The Bombay High Court stated, while hearing a man’s appeal against a court judgement compelling him to pay maintenance to his estranged wife, that a woman cannot be forced to labour to make a living simply because she is educated.
The man had filed a revision application challenging an order of the family court in Pune, which was being heard by a single bench of Justice Bharati Dangre.
Just because a woman is a graduate doesn’t mean she has to work and can’t stay at home, according to Justice Dangre.
“Our society has yet to understand that the woman of the house has a role to play (towards finances). Working is a choice made by a woman. Just because she (one of the case’s parties) is a graduate doesn’t mean she can’t sit at home, today I’m a judge, tomorrow, I’m guessing I’ll be sitting at home. Will you claim that I am qualified to serve as a judge and that I should not be sitting at home? “, questioned Justice Dangre.
The man’s lawyer contended that the family court had “unfairly” ordered his client to pay maintenance because his estranged wife was a graduate who could work and support herself. The man also claimed in his plea, filed through counsel Ajinkya Udane, that his estranged wife had a stable source of income at the time, but that she had concealed this fact from the court.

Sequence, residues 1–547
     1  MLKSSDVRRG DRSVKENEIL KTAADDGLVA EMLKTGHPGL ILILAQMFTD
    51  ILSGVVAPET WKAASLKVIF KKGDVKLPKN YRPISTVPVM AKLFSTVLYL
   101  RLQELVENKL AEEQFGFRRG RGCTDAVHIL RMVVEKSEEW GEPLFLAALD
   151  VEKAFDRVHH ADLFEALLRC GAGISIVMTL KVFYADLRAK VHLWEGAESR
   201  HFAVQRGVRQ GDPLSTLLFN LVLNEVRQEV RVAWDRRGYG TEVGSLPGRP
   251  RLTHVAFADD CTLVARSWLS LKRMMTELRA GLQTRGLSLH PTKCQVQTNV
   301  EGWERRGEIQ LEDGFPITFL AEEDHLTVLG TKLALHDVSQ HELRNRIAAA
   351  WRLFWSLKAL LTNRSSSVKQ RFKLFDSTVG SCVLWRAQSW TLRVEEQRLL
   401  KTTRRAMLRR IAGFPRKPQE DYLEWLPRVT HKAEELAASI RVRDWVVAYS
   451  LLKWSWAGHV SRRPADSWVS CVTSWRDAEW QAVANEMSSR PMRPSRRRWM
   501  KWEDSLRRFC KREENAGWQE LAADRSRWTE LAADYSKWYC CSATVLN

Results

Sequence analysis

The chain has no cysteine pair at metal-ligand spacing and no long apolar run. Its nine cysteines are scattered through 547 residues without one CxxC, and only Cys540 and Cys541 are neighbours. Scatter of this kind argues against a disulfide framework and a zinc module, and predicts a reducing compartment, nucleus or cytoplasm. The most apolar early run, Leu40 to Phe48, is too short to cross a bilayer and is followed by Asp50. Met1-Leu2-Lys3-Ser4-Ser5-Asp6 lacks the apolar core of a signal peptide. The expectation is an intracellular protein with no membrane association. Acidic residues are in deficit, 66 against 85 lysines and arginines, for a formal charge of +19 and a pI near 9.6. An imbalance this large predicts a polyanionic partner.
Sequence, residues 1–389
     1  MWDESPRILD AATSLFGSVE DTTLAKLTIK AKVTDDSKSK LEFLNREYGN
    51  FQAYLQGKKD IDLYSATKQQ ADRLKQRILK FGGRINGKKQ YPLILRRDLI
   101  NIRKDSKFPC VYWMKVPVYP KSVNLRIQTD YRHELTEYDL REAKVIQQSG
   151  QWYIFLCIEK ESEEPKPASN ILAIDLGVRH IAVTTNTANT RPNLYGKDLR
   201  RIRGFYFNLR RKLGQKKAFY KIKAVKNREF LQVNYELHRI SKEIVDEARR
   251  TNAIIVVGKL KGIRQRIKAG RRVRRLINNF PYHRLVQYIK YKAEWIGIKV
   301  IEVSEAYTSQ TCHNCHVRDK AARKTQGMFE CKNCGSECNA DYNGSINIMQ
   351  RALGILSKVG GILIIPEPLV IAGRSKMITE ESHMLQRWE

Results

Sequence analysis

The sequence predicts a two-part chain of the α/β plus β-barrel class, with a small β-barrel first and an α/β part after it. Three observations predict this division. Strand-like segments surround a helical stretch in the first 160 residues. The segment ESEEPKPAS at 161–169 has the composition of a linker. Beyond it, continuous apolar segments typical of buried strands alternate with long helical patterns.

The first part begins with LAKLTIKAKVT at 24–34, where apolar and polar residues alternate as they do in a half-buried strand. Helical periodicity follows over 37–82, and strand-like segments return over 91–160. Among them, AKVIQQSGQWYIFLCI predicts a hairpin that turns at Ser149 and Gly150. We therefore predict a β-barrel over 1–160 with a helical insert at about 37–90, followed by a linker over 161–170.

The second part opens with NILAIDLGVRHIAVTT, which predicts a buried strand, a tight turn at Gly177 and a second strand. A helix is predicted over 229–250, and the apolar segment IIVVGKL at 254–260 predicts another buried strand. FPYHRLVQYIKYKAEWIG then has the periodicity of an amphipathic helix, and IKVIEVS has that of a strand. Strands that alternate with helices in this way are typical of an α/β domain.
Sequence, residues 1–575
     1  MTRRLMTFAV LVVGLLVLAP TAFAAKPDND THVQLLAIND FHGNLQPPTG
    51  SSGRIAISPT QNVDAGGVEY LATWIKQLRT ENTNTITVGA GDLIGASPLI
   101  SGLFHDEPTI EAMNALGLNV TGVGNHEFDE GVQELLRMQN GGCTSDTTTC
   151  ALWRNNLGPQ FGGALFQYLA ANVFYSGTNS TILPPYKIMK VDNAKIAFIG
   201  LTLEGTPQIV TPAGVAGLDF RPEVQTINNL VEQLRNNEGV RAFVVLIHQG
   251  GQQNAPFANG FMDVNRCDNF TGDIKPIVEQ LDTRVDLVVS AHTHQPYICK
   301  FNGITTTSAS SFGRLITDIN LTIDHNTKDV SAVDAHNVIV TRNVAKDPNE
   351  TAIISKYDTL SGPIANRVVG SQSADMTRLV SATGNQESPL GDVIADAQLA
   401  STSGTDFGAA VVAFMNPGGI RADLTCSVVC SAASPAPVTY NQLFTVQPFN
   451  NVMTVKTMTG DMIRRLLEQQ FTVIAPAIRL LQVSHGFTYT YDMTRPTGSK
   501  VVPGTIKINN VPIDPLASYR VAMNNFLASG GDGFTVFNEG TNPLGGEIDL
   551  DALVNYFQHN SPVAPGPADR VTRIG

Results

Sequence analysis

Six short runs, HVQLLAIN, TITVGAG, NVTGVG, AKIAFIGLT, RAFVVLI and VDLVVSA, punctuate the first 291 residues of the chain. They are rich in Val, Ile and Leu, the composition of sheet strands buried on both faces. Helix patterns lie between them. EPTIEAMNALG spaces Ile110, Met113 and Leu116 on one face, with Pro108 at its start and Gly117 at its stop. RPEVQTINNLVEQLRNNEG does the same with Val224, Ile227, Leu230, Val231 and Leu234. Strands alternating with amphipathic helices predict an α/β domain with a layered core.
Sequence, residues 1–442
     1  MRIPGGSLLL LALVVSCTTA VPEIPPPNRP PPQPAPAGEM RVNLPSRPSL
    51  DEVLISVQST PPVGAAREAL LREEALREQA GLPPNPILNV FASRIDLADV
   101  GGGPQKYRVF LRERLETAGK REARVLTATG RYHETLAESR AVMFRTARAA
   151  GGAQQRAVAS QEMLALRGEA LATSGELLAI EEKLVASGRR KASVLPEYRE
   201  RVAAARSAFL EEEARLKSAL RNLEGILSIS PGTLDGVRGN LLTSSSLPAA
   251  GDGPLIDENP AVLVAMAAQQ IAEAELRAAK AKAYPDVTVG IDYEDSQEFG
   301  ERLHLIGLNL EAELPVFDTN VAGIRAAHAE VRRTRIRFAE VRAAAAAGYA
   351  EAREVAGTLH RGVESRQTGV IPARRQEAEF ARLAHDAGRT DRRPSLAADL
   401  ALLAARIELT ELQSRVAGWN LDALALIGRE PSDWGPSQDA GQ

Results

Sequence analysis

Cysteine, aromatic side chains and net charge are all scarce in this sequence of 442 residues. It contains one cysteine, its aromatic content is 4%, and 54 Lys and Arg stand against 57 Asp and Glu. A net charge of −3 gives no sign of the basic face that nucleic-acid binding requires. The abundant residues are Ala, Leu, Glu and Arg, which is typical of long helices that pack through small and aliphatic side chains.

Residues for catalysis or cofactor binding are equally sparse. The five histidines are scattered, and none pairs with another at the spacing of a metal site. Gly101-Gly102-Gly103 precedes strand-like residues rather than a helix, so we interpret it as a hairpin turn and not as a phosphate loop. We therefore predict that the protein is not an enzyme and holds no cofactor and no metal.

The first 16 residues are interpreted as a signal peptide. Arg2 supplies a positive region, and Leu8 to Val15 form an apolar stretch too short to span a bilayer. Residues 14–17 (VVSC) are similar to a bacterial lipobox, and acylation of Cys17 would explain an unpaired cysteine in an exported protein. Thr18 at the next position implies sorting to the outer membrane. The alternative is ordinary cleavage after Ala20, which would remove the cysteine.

The judge, on the other hand, was not satisfied and went on to comment on whether educated women should work or stay at home.
In a nutshell, the conflict arose since the husband and wife married in 2010. The wife and their daughter began living apart in 2013. In April 2013, she filed a Domestic Violence (DV) Act complaint against her husband and his parents.
She filed a petition for restoration of conjugal rights after a year, there were additional actions initiated under Indian Penal Code Section 498A (cruelty). The wife applied for maintenance in a family court while the DV procedures were underway under Section 125 of the Code of Criminal Procedure (CrPC).
The judge granted the application, and the husband was ordered to pay 5,000 per month to the wife and 7,000 to the child’s maintenance separately.
The husband challenged this order in the current petition, which was filed through Advocate Ajinkya Udane. According to the plea, the husband did not have enough resources or money to resist his wife’s ongoing legal actions.
The high court will hear the case again next week after the wife’s attorney requested more time to react to the petitioner’s arguments.